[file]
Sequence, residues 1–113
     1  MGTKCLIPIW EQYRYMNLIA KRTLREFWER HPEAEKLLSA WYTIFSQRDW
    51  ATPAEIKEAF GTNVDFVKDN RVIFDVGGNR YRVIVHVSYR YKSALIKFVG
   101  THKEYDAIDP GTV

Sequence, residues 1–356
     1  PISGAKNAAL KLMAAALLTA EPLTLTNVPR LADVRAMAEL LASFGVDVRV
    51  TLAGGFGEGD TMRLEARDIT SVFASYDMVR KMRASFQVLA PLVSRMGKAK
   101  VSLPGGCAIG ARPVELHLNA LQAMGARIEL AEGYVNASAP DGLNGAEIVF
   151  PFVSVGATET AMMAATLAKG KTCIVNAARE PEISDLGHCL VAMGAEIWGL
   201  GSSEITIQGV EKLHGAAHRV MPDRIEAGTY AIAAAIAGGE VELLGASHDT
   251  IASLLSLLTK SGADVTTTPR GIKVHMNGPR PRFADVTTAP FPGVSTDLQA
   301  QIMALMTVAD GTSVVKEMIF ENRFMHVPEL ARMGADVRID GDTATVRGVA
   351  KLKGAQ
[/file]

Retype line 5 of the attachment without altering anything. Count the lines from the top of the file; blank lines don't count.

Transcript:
Sequence, residues 1–356